Lesson Plans and Worksheets
Browse by Subject
Population Ecology Teacher Resources
Find Population Ecology educational ideas and activities
Students review the concept of populations. In this Biology lesson plan, students will work with a partner to talk through what they remember from the unit on populations. The class will then begin to work through a concept map as a way to organize what was talked about with their partners. This acts as the test review for the Populations Unit Test.
Environmental science enthusiasts show what they know at the end of the year by taking this full-fledged final exam. They answer multiple choice, graph interpretation, and essay analysys questions, 73 of them in all. Topics range from cell structure and function to population ecology. This exam blows others away with the variety included!
A collection of photos and accompanying descriptions describing the life cycle of an Adelie penguin is the highlight of this resource. Working in groups, polar explorers match the descriptions to the pictures and create a timeline. An internet link takes you to Penguin Science where your class can then learn more about these fascinating creatures and how they have served as a great source of information about how animals adapt to climate changes. This is a unique lesson plan for your ecology or earth science class.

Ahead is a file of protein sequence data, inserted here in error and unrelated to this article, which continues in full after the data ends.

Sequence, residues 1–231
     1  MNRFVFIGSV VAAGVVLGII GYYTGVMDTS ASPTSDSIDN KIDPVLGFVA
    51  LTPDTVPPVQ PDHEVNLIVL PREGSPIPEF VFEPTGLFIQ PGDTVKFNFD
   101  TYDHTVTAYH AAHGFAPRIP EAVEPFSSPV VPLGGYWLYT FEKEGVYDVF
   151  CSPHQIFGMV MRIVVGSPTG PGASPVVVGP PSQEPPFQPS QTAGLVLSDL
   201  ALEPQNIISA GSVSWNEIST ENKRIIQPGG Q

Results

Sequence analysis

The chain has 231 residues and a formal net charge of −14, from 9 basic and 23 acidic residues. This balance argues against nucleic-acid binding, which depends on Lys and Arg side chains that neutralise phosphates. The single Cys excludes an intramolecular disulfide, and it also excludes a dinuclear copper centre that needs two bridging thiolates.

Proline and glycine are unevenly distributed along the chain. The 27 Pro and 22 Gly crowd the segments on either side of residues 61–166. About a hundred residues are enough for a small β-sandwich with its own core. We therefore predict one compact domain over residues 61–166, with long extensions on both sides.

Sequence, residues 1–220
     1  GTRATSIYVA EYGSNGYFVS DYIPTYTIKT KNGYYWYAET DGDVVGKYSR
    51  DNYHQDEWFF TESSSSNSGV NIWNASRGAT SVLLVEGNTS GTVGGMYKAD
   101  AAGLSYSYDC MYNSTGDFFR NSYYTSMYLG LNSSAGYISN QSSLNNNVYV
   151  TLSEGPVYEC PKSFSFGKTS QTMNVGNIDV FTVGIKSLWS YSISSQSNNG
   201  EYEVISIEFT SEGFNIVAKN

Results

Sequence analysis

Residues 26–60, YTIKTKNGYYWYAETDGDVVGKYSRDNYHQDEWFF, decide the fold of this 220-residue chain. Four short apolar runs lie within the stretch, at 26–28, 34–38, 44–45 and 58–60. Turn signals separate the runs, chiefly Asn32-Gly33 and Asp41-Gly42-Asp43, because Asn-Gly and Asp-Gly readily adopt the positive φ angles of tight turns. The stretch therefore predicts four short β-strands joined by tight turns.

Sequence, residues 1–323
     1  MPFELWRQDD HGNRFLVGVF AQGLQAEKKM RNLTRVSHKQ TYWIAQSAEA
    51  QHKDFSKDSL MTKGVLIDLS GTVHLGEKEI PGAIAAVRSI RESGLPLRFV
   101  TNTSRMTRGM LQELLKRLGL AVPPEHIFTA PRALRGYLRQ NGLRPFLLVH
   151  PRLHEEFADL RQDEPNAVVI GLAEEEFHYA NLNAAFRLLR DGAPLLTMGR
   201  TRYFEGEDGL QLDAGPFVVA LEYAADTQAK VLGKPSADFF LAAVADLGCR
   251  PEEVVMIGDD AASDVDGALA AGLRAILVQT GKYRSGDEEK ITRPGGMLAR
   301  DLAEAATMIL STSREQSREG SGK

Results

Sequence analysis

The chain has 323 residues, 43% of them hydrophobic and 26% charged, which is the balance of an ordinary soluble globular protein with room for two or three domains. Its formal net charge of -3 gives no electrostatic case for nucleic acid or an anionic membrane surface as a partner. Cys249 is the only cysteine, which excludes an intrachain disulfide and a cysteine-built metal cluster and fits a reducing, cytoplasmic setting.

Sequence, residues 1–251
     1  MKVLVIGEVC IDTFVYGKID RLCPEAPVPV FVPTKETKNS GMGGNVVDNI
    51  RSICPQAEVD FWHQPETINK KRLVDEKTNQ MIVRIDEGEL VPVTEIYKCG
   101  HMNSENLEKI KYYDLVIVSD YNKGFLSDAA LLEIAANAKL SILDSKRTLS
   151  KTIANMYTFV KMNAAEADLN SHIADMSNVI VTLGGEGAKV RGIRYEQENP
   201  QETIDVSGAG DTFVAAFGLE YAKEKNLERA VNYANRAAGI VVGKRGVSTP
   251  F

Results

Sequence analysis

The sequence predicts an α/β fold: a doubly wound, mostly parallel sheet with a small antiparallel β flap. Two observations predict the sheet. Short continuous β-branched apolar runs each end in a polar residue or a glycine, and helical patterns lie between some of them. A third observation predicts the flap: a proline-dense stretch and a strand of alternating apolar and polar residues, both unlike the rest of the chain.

Envision environmental science resources, completely organized and ready to use, right at your fingertips! Now, see such a collection with this teacher's tool! Find lecture outlines, quizzes, video and news links, and environmental science calculators without having to do your own online search!
Students classify living things according to their characteristics and functions. They observe living things grow, move, use food, and adapt to changes around them. As the students work through the subtasks in this unit, they make connections between the natural and human effects on living species.
Students follow deer through Yellowstone Park and record the number of deer from year to year. In this basic needs of deer instructional activity, students work in small groups and chart the number of deer each year and give explanations using as scarcity, ample, ascend, and few to describe the reasons for movement or lose of the deer populations.
In the first section, students will create a diorama, that includes a local habitat and shows the plants, animals, and non-living components needed to sustain the area. Students will be using their notes and learning logs for reference, as well as doing research to ensure that they have a viable habitat. In the second section, students write a test. Teachers will assess the expectations using information collected from both activities.
High Schoolers participate in a class discussion on the ethical issues faced in the health care industry today. In groups, they develop their own definition of bioethics and role play the role of one of the various types of members of different ethical systems. To end the lesson, they develop the characteristics of their own health care system.
Young scholars identify some of the most important native and introduced species of animals in the United States. They describe how animals populations of cities have changed over time, outline the benefits and problems associated with animals of cities, and identify the government agencies that deal with animal-related problems.